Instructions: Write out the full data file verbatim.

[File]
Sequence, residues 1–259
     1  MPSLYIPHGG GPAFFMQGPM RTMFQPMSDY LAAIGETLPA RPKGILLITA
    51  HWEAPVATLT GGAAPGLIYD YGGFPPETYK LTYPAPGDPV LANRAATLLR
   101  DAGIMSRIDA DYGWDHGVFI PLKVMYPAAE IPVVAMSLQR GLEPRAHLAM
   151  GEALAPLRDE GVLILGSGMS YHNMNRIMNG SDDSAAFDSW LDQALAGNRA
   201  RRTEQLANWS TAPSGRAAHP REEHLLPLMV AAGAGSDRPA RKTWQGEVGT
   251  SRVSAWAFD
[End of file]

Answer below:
Sequence, residues 1–259
     1  MPSLYIPHGG GPAFFMQGPM RTMFQPMSDY LAAIGETLPA RPKGILLITA
    51  HWEAPVATLT GGAAPGLIYD YGGFPPETYK LTYPAPGDPV LANRAATLLR
   101  DAGIMSRIDA DYGWDHGVFI PLKVMYPAAE IPVVAMSLQR GLEPRAHLAM
   151  GEALAPLRDE GVLILGSGMS YHNMNRIMNG SDDSAAFDSW LDQALAGNRA
   201  RRTEQLANWS TAPSGRAAHP REEHLLPLMV AAGAGSDRPA RKTWQGEVGT
   251  SRVSAWAFD